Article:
468

Reasons for an Amendment of the Stat. 28 Hen. VIJI. concerning

** the Profits of Ecclefiaftical Benefits,

ibid.

6

The

THE

CRITICAL REVIEW.

For the Month of January, 1770.

ARTICLE I. Hiflorical Memorials

. By Sir David Dalrymple. 480. -Solá by Balfour, at Edinburgh.

T

THESE memorials appear to have been printed occa

sionally, and at different times; they are concerning, First, The provincial councils of the Scottish clergy, from the earliest accounts to the æra of the reformation.

Second, Canons of the church of Scotland; drawn up in the provincial councils held at Perth, A. D. 1242, and A. D. 1269

Third, An examination of some of the arguments from the high antiquity of Regiam Majeftatem; and an enquiry into the authenticity of Leges Malcolmi.

Fourth, A catalogue of the lords of feflion, from the insti. tution of the college of justice, in the year 1532, with historical notes..

The author of these pieces, who is likewise a fenator of the college of justice in Scotland, and an excellent antiquary, acknowledges that the history of the church of Scotland, during remote ages, is involved in impenetrable obscurity; and that his intention is not to enter into any field of controversy on that head. * Most of the incidents, says he, which I am to relate; are little known; some of them are curious; and, as I have no hypothesis to maintain, they will all be impartially related.”

The first provincial council mentioned by this author is faid to have been held under Constantine king of Scotland, and Vol. XXIX. January, 1770.

B

Kelo

Kellach, bifhop. The learned editor has not informed us, whether this Constantine was the second of that name, who began his reign, according to the Scotch historians, in 858. Be that as it will, he is inclined to think that the Mons Credulitatis at Scone, is the same with the Mons Placiti at the saine place retained by Malcolm Mac Kenneth, when he generously parcelled out all Scotland among his vassais. We believe it would be no difficult matter to prove that the Mons Credulitatis was a very different place from the Mons Placiti ; and unimportant as the difference appears at present, it might perhaps serve to elucidate the nature of that very extraordinary present which Malcolm made to his people, or, as this editor pleases to call them, his vaffals. Without disputing the Mons Credulitaris to have been the mount of faith, it is without all doubt that the moot hill is entirely a Saxon word for Mons Placiti, or the mountain of pleas or debates, called in Saxon moles ; and we believe that the Scotch to this very day, retain the term of the Moot Hill of Scone. The want of historical evidence prevents us from exainining whether Malcolm, if he made fuch a distribution, did sot oblige his vefals to repair to this judicial, and perhaps legislative hill, which he is said to have reserved for his own use, in order to make them swear to the terms upon which they were to hold their lands. We know not, nor is it very material, whether any appearance of that hill now remains; but it is be. yond doubt, that most fovereign princes of those ages chose some eminence by way of suggeftum, either natural or artificial, be is ever so trifling, on which they placed the royal throne, and held their motes or courts of justice; all, however, we have faid on this head is mere matter of conjecture and analogical enquiry.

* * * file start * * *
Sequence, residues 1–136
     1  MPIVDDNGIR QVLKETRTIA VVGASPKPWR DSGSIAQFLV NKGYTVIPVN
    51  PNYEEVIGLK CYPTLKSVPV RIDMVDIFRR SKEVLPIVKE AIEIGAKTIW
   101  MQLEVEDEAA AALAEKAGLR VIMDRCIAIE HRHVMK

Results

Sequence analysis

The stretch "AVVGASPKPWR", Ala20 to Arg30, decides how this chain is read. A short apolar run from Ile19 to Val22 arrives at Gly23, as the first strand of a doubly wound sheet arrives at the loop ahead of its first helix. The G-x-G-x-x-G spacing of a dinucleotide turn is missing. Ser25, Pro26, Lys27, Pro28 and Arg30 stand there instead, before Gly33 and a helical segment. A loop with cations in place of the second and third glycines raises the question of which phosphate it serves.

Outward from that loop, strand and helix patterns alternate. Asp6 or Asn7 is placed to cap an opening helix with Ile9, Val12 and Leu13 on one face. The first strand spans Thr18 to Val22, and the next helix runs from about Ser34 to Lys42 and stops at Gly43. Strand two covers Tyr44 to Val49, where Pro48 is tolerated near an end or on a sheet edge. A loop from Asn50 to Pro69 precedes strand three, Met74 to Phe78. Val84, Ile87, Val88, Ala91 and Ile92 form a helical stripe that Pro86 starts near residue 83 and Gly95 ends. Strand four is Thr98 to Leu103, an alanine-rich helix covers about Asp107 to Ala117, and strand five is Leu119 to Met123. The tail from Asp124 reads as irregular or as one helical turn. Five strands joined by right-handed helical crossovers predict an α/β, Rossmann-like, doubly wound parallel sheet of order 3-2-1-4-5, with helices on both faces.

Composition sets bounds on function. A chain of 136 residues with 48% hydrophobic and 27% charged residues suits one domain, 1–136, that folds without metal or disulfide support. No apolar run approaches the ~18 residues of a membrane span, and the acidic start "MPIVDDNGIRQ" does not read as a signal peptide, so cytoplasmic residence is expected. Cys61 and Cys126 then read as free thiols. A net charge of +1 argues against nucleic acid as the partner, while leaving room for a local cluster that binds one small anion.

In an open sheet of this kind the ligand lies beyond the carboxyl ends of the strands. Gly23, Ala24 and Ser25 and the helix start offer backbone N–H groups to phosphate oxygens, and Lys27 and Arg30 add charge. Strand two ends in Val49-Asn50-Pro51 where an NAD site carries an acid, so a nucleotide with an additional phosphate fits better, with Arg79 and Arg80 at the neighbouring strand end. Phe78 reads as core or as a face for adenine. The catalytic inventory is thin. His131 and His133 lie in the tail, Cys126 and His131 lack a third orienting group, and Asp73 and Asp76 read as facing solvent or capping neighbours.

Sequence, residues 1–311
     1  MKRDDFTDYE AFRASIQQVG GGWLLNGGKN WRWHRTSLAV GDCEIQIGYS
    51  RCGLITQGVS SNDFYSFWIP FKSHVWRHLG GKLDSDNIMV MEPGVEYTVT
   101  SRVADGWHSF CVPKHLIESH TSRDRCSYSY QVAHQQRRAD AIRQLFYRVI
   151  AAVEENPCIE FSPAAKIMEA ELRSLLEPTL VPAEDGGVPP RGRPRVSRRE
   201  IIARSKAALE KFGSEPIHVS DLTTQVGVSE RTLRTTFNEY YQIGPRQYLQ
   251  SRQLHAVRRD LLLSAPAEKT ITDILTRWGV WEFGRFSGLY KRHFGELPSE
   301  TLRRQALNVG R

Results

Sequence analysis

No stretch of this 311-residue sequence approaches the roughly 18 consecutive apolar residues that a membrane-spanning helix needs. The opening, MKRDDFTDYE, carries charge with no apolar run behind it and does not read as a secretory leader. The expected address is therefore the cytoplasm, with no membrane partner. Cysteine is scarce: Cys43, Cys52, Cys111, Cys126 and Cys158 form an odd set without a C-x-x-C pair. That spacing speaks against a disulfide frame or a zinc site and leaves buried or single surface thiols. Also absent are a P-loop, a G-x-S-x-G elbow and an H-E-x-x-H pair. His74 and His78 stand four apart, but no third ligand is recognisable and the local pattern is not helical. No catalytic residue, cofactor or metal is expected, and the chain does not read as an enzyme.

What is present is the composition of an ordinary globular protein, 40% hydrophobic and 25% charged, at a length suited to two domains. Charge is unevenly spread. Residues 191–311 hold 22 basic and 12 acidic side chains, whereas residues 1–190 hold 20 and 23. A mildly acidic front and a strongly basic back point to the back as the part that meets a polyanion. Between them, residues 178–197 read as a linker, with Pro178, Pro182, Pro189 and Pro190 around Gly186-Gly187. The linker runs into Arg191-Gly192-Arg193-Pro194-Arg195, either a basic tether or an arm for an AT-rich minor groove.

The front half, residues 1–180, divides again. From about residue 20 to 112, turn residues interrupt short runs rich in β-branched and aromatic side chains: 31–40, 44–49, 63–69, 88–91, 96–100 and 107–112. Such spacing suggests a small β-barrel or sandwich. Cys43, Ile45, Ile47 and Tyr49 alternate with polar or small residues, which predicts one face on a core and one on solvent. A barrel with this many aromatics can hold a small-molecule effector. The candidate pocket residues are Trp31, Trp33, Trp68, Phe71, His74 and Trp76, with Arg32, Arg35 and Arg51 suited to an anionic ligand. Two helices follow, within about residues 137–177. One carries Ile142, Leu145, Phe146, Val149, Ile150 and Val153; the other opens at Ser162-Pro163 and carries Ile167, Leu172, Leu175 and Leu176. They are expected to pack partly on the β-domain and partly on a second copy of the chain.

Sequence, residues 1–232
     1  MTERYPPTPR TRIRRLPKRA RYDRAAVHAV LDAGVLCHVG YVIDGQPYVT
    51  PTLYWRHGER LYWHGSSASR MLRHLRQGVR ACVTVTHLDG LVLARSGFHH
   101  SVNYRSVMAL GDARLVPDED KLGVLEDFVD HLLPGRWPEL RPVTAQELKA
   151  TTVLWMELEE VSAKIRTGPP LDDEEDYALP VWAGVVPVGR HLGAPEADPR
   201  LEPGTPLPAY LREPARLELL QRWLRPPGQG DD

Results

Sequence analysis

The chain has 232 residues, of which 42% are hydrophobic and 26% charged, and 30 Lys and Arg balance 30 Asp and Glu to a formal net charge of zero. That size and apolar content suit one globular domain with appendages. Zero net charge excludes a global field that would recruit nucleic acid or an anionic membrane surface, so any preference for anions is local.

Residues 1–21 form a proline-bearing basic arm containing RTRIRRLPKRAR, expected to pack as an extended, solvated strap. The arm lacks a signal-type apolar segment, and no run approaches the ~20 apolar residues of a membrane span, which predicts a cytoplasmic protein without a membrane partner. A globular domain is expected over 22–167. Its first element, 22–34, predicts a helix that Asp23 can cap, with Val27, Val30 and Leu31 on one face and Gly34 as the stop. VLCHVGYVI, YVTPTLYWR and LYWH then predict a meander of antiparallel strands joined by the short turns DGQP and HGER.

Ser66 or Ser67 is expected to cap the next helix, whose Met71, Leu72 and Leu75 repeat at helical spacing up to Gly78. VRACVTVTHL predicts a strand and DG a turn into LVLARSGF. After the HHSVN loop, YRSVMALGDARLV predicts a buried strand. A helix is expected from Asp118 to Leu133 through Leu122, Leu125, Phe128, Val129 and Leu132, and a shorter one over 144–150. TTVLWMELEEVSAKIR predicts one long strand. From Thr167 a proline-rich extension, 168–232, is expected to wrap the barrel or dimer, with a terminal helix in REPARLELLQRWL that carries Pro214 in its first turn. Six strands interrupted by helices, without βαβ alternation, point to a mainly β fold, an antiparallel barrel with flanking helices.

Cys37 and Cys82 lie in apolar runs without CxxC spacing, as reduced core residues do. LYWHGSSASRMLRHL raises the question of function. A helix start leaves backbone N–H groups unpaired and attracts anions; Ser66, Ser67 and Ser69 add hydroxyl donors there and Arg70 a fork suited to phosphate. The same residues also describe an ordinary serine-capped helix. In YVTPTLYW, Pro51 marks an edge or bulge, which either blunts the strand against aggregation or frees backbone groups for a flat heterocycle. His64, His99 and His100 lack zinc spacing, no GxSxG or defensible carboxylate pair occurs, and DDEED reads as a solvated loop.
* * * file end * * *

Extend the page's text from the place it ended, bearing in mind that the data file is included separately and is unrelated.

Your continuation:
This author is of opinion that the account of Alexander II. king of Scotland having, in 1237, refused to suffer a pope's legate to enter his dominions, because no legate had ever been admitted into his kingdom, is erroneous; as legates had held coun. cils in Scotland before, particulary in 1221, at Perth, for which he quotes the chartulary of Murray. This certainly is a Itrong authority, if that chartulary is authentic, or if the priest entered Scotland with legantine powers. If the words of Mata thew Paris are properly considered, Alexander might mean no more than that none of his predeceffors had willingly suffered a legate to enter their kingdom. Perhaps the king understood by a legate only a Roman tax gatherer, sent to fleece his people as he had done the Engli.

In the remaining part of this disertation the reader, who is fond of Scotch ecclefiaitical history, will find many excellent obfervations upon the inaccuracy of its authors and compilo

well

is